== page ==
Lying in rows of cots in a small hotel on the outskirts of Kiev, 51 babies born to surrogate mothers are stranded in Ukraine as the coronavirus lockdown is preventing parents from the United States, Europe and elsewhere from collecting them. Ukraine imposed a ban on foreigners entering in March, and most parents have only seen their newborns through pictures and video calls with the clinic.
Fears over the spread of the coronavirus have triggered violence in Ukraine, where protesters hurled stones at buses carrying evacuees from China. Demonstrators in the village of Novi Sanzhary in the central Poltava region clashed with police and burned tires, as the convoy lead 70 evacuees to a quarantine center in the area. Stones shattered the windows of one of the buses but it appeared nobody inside was injured.
U.S. President Donald Trump said on Sunday that he discussed Democratic presidential hopeful Joe Biden and his son in a call with Ukraine’s president, Zelensky. Trump’s call with Zelensky has been at the center of an escalating battle in Washington since Friday, when news outlets reported that Trump repeatedly asked the Ukrainian leader to investigate whether Biden, the Democratic front-runner to take on Trump in next year’s election, misused his position when he was vice president.
Ukrainian president Volodymyr Zelenskiy took the oath of office on Monday and immediately announced plans to dissolve parliament, setting up a clash between the country’s entrenched political class and its new leader. Zelenskiy, a comedian with no prior political experience, won a landslide victory in elections last month, amid anger over corruption and a grinding war with Russian-backed separatists in the country’s south-east. By calling snap elections, Zelenskiy hopes to quickly extend his political momentum to the legislature and sweep out loyalists to the former president Petro Poroshenko.
Results from nearly all polling stations show that TV star Volodymyr Zelenskiy has won the Ukrainian presidential runoff vote in a landslide. The Central Election Commission says Monday that Zelenskiy has won 73% of the vote while the incumbent President Petro Poroshenko got just 24% support with more than 95% of the ballots counted. Unlike in most of the elections in Ukraine’s post-Soviet history, Zelenskiy appears to have won both in Ukraine’s west and east, areas that have been traditionally polarized.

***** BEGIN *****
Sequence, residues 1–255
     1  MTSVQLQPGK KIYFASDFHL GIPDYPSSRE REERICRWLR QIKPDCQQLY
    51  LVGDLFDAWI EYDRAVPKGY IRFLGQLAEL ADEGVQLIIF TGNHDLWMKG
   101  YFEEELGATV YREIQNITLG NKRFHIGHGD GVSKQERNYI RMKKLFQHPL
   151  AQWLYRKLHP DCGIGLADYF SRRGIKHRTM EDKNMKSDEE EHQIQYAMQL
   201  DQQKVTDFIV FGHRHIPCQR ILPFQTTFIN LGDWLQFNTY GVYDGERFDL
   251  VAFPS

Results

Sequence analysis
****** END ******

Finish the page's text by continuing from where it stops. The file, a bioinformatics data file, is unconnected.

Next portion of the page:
After a naval confrontation off Crimea with Russia, Ukrainian President Petro Poroshenko asked NATO to send ships to the Sea of Azov. At least 11 Russian vessels surrounded Ukraine’s two ships opening fire on Sunday. Russia announced on Wednesday it will send another advanced anti-aircraft system to the area. NATO expressed ‘full support’ for Ukraine.
More than 12,000 people were evacuated following an explosion on Tuesday at a depot in northern Ukraine caused by ammunition. Security services said ‘possible sabotage’ was being investigated at the depot near the village of Druzhba. More than 60 people needed medical attention after the explosion, though no deaths were reported.
The party of Ukrainian President Volodymyr Zelensky appears likely to win an absolute majority in Sunday’s parliamentary elections with a record share of the vote, according to partial results and media projections. Speaking shortly after exit polls indicated a win for his Servant of the People, Zelensky reiterated promises to stamp out corruption and end a separatist war in eastern Ukraine that has killed 13,000 people in the past five years.
A comedian with no political experience raced ahead in Ukraine’s presidential election on Sunday, offering a fresh face to voters fed up with entrenched corruption in a country on the frontline of the West’s standoff with Russia. Exit polls and early counting put 41-year-old Volodymyr Zelenskiy, who plays a fictional president in a popular TV series, comfortably ahead of incumbent President Petro Poroshenko in the first round, though short of a majority. No candidate is expected to receive more than half the votes, meaning the election would go to a runoff on April 21. Out of a crowded field of 39 candidates, none of the likely winners wants to move Ukraine back into Russia’s orbit.
Ukraine’s parliament has agreed to impose martial law in 10 of its provinces to combat “growing aggression from Russia,” after a weekend confrontation in waters off the disputed Crimean Peninsula led Russia to seize three Ukrainian navy vessels. The Russian Foreign Ministry issued a statement on Monday with a “warning” to Ukraine that naval conflict in the Sea of Azov and the Black Sea “is fraught with serious consequences.”